DNR Press Release:
Following a recommendation from Department of Natural Resources officials, DNR Director Keith Creagh announced today his approval of a land transaction proposal from Graymont, Inc. Creagh announced his decision at today’s Natural Resources Commission meeting in Roscommon, Michigan.
Graymont is planning a limestone mining operation in the Upper Peninsula’s Mackinac County, near the town of Rexton. The company will have to comply with all applicable state and local regulations before mining can occur.
In January DNR officials identified several concerns with Graymont’s proposal and recommended against its approval by the director. In response to those concerns, Graymont revised its application to the state. As a result of those revisions and the recommendation from DNR officials, Creagh approved the transaction.
The director’s decision follows an extensive review process that included broad public input and comment, tribal consultation and engagement with local units of government, as well as a thorough environmental and legal review.
“This project balances the public interest in natural resources and economic development in the Upper Peninsula,” Creagh said. “By moving forward with this transaction, we are providing the opportunity for the development of a limestone mine in an area that has a long history of mining, and we are also ensuring that recreational opportunities continue on these lands.”
The details of the transaction include:

  • The direct sale of approximately 1,781 acres of state-owned land and 7,026 acres of mineral rights to Graymont.
  • A land exchange whereby Graymont will acquire approximately 830 acres of state-owned land.
  • A 10-year option secured by Graymont to acquire an easement over a maximum of 55 acres of state-owned land within an identified area of 535 acres.

The total value of land rights involved in this transaction – including land value, timber consideration, and non-limestone and dolomite mineral rights – is more than $4.5 million. Revenue received from the land sale will be used to purchase other public lands. Graymont will pay a royalty on the extracted limestone and dolomite at a rate of 30 cents per ton. This rate will rise as based on the Producer Price Index but it will not go below the 30-cents-per-ton rate. Royalty payments will go into the State Parks Endowment Fund for operations and maintenance at Michigan state parks.
The agreement with Graymont provides for continued public access on portions of the land acquired by the company that are not being used for active mining or for the development of a processing plant. In addition, the state will continue to own and manage the surface of the 7,026-acre underground mine.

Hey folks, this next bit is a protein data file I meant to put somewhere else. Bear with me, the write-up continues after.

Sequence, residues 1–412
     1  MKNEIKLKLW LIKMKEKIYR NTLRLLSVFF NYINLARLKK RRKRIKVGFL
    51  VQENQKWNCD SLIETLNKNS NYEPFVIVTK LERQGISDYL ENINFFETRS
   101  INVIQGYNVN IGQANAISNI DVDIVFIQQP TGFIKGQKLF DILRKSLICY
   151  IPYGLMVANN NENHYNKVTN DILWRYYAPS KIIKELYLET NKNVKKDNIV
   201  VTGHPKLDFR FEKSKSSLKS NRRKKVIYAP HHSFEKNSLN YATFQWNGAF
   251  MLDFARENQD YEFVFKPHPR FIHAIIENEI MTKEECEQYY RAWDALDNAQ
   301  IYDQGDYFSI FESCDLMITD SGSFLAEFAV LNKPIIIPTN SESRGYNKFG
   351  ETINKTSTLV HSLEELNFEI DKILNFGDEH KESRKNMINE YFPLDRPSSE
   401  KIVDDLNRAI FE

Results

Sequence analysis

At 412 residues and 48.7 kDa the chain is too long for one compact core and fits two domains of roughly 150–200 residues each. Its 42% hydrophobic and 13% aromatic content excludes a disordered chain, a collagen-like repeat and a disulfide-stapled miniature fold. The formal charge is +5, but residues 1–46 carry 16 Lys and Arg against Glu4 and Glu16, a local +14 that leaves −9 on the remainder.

The March proposal provided additional detail and assurances needed for DNR officials to support the project and recommend approval to the director. Among these changes: permanent trail easements, which may be relocated at Graymont’s expense; protection of a sensitive bog wetland on the property; DNR and public involvement in the review of future mining and reclamation plans; and mitigation of potential impacts to a neighboring veterans facility.
In addition, to ensure economic benefit to the region, the company has agreed to create a regional economic development fund. Graymont will deposit a minimum of $100,000 annually into this fund for a minimum of five years. The fund will continue until a processing facility is constructed in Mackinac County. The fund will support small business development, schools, human services, road and infrastructure improvements, conservation and recreational opportunities and health and wellness.
“The many public comments we received regarding this proposal have helped shape positive changes to the initial land transaction application we received from Graymont,” said Creagh. “Because of those changes, the final proposal resolves many issues and improves the outcome for Michigan citizens.”
The DNR will work with Graymont to complete the sale of the 1,781 acres. Graymont will identify specific lands to be offered in exchange for the 830-acre parcel. These parcels will be thoroughly reviewed by DNR staff and will be available for public review and comment prior to the director making a decision about the acceptance of these parcels.
For more information, including maps of parcels included in the land transaction, visit www.michigan.gov/graymontproposal.

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